It’s a classic line from the great Violent Femmes song “Kiss Off?” As a young student. I vividly remember perseverating about that “permanent record” and what it might mean for my success in life. Essentially, this “permanent record” took the form of my report card. I look back and note that, in middle school and high school, I was so focused on getting A’s—primarily out of fear of failure. My parents wouldn’t let me play sports if I earned anything below a B. Outside of my favorite subject of history, my work ethic had little to do with pursuing intellectual curiosity. It was me working hard to get good grades and therefore please my parents and ensure I could still play sports. (Note to parents: I don’t recommend this approach to motiving your kids! My parents still deny they put academic pressure on my brothers and me. We love them, but all respectfully disagree, as we felt that we had to make straight A’s.)
Some educators will tell kids, “Grades don’t matter.” In many ways, they don’t. After high school, very few employers look at one’s academic transcript. Grades only represent a student’s progress at a point in time. But, in our industrial educational model, they offer a way of “sorting” students. Even with all kinds of new thinking in education about assessment and student achievement, colleges and universities still sort kids, using GPA as a key factor in admission decisions. When I got to college, grades became less important to me. I took classes I was interested in and followed my passions. As I let go of being obsessed with making a certain mark, I found that I actually did better in school. Part of that was due to having wonderful college professors, but it also came with a bit more maturity and sense of ownership over my learning.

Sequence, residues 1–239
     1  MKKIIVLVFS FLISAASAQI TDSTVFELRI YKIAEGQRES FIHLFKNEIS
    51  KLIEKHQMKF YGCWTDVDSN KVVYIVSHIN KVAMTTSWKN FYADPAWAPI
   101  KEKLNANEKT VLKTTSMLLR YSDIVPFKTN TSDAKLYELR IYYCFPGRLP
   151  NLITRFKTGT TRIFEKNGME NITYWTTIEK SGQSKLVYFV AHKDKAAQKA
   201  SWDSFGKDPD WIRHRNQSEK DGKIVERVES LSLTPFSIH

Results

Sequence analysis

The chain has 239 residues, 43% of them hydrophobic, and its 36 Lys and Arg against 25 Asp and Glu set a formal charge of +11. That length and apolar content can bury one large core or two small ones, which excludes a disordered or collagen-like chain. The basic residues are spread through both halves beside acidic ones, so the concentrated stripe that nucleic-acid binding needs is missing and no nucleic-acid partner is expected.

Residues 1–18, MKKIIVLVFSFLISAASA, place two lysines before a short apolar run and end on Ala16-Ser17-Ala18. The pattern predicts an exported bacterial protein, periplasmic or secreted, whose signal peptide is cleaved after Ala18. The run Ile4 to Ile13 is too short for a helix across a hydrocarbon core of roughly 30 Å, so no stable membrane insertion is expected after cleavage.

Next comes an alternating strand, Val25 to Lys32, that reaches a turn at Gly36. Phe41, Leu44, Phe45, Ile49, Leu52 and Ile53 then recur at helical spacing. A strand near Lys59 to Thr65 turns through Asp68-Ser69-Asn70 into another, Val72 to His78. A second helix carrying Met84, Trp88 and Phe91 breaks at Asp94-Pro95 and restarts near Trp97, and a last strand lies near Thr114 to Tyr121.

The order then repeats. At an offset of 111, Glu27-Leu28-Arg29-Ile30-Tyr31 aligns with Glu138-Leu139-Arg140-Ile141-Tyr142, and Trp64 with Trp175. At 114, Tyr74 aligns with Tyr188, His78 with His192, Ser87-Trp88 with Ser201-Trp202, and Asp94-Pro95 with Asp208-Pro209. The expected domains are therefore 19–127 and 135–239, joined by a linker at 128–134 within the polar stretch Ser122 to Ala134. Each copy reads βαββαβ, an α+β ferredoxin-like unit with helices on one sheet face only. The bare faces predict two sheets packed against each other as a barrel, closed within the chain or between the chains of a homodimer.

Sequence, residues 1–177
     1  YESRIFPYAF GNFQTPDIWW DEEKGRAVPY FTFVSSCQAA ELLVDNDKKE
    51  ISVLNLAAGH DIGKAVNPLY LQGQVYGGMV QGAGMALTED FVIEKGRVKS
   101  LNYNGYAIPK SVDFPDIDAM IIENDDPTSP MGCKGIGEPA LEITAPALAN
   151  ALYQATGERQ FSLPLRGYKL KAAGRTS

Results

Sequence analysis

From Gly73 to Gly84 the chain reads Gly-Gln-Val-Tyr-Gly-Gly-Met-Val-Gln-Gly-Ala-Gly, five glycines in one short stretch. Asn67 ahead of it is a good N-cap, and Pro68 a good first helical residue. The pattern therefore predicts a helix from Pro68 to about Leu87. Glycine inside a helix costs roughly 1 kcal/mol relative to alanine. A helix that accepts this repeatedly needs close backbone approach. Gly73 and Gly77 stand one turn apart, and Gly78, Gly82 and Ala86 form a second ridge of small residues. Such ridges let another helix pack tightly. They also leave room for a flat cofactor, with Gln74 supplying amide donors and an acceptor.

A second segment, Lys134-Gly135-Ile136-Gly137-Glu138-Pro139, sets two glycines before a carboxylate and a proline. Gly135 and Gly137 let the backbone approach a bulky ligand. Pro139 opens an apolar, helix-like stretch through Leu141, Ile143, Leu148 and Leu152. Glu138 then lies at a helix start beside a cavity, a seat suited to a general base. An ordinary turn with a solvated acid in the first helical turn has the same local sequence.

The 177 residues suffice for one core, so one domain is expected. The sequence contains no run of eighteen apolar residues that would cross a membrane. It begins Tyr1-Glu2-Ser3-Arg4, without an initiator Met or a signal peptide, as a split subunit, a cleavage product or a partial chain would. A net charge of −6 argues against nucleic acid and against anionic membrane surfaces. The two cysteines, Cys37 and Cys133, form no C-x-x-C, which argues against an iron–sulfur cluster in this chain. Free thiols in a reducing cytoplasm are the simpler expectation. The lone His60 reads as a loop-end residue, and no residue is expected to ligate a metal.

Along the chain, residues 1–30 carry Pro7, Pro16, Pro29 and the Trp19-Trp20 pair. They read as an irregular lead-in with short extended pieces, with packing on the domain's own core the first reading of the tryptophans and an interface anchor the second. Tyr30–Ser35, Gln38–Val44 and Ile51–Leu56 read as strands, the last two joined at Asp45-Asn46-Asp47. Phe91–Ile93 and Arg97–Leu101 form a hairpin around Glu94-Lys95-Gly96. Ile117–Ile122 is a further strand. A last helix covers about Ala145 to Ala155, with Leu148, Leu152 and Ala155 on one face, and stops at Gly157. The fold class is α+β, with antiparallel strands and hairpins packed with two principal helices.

As we come out of conferences and approach the end of the first trimester, I hope we can all take a deep breath and not be overly fixated on grades, but focus on learning and intellectual growth. That is easier said than done. But, I thought I might point out to all how grades and our report cards sometimes are not the most accurate predictors of future success. Again, they may be accurate about a student’s performance at a point in time, but they don’t tell us what a person can become.
Take for example, a great story in the Washington Post about John Lennon’s report card when he was 15. Here are some of the comments the future Beatle received:
- “He has too many of the wrong ambitions and his energy is too often misplaced.”
- “His term marks amounted to 17 percent of the maximum and he missed the final exams. He is certainly on the road to failure if this goes on.”
- “The tropical forests are safe when John enters the woodwork room, for his projects are small and his progress is slow.”
- “Work fair—and his attitude in class most unsatisfactory.”
I think we can expect a future rock star and icon to have a bad attitude around authority figures!
But, check out these other famous people and what their teachers said about them.
- Einstein: “He will never amount to anything.”
- Winston Churchill: “Is a constant trouble to everybody and is always in some scrape or other. He cannot be trusted to behave himself anywhere.”
- Sir Richard Branson: “He will either go to prison or become a millionaire.”
- Roald Dahl: “A persistent muddler. Vocabulary negligible, sentences malconstructed. He reminds me of a camel.”
It would be worth remembering that in Eighth Grade, future President John F. Kennedy had a C- in English, a D in Latin, a D- in History, a D in Science, and a C+ in Religion.
So kids, this isn’t license to ignore your teachers or slack off. It is possible that some of these direct and pointed comments might have had some influence on these famous people. (I can’t imagine teachers writing such brutal comments today.) But, don’t let your identity be wrapped up in your GPA. It’s not healthy, and it is not a predictor of your success. Instead focus on getting to know your teacher and in finding ways to be curious about the world. That is your ticket to success.